One of the few areas this was done well by Democrats is the DACA program for Dreamers. The Democrats not only identified a solution to a problem, but also actually connected it to the lives of the people it directly impacted. Many young immigrants, though they illegally entered the country, due to their young age were American in everything but citizenship only. They didn’t have a say in whether or not they came to America. But they were here. And the Democrats vocalized that beautifully. “Through no fault of your own…” “You don’t know anything BUT being an American…” “You were raised here, and your home country is virtually a foreign country for you…” Democrats verbalized the experience many Dreamers were having, and it connected. So when Democrats said “here are the policies that we will put in place” it didn’t need a flashy name (DACA, what?), but people knew what it would do. Keep them in the country they loved and knew as their own.
So, what can Democrats do to make this a reality? It’s stupid easy. Listen. And when you respond to people, respond to the individual. Re-iterate back to people what they are going through and how you understand that. Connect to the emotions. Don’t immediately jump to the amorphous “I’ve got 5 different policies that yadda yadda yadda…” That’s exactly why a lot of people see Democrats as elitist. They don’t connect with people anymore.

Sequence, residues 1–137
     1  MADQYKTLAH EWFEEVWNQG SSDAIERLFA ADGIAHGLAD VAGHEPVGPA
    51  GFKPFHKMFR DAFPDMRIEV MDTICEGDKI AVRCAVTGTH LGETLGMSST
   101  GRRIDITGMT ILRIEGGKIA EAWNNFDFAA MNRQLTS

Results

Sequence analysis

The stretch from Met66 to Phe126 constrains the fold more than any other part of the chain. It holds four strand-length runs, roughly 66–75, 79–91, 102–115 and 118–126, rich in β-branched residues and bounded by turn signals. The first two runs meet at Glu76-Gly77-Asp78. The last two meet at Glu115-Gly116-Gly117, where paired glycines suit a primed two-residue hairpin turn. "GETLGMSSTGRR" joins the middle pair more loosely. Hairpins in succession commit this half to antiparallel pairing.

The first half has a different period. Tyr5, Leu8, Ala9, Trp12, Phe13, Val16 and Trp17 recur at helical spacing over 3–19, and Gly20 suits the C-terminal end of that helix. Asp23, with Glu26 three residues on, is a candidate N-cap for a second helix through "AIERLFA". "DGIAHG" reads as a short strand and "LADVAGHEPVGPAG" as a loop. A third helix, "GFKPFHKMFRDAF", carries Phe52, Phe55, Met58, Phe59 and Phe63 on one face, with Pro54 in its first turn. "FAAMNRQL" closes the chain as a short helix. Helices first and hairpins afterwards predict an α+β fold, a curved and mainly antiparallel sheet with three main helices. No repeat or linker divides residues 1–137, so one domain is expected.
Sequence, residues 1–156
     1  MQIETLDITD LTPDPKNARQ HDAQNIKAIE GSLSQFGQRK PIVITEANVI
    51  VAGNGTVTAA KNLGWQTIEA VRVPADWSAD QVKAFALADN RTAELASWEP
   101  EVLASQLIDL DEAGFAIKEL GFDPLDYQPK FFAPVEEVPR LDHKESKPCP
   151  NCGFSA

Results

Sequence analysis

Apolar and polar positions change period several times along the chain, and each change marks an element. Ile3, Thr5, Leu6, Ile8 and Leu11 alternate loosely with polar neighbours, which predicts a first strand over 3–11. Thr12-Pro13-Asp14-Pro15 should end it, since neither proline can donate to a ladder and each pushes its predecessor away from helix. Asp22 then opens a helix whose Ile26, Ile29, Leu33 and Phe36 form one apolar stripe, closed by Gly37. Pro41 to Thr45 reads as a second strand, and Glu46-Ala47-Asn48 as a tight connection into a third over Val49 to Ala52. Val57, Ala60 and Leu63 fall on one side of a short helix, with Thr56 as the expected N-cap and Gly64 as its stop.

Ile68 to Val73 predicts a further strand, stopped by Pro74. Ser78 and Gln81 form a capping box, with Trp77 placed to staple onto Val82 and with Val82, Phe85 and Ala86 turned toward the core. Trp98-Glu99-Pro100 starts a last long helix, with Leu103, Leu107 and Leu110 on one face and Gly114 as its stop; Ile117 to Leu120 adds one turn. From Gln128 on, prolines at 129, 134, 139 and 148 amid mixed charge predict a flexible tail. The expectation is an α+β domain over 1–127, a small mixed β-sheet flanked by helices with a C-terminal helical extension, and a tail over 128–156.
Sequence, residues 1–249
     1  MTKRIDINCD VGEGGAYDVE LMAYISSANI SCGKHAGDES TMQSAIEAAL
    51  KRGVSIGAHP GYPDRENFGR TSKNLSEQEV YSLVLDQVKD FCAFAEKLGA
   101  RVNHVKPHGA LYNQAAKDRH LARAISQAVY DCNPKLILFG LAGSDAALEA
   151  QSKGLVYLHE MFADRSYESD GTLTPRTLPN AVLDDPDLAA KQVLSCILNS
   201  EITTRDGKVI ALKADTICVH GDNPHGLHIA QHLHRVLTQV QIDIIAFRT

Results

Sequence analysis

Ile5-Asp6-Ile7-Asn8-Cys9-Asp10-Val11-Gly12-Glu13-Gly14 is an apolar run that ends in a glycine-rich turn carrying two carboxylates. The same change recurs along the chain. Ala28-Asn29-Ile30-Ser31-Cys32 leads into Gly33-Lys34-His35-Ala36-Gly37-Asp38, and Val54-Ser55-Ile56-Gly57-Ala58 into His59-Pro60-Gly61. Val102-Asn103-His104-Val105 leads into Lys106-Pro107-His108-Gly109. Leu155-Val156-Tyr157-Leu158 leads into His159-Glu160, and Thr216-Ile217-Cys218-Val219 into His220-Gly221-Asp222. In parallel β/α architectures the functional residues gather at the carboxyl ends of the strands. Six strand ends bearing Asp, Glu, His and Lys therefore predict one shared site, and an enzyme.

And now, for the “concrete plan” portion. How can we make this a reality? It has to be visible nationally. I would bet that most local politicians do this well, but national politicians have set the tone that the local politicians can’t overcome. So, President Biden should make it a directive that he, Vice President Kamala Harris, and all cabinet members (save, maybe, Secretaries of State, Defense, and intelligence officials) have one highly-publicized town hall a month in rural/small town areas where the sole purpose is just to listen. Places where Donald Trump and Republicans slaughter Democrats. That would result in roughly 20 town halls a month all over the country. Over the 48 months between this next and the following Inauguration Day, each official could visit almost every state in the United States and show how their department and position both cares about people and understands them. Roughly 1,000 opportunities to prove that Democrats care about everyday people. Heck, even invite the highest-ranking Democrat or two in the area to give them visibility, and make sure to invite the sitting Congressman or Congresswoman from that district, regardless of party affiliation.
Yes, questions will be asked, and answers to those questions will be expected. But the sole purpose is to communicate understanding of Americans’ lives, experiences, and struggles. Connect to people AS people. Show that Democrats really care. Yes, I’m sure a few policies and programs will be discussed. But those should only be after you have listened, and after you have let them know that you actually hear them. Show the small towns of American that you really care. Just don’t call it a “listening tour.”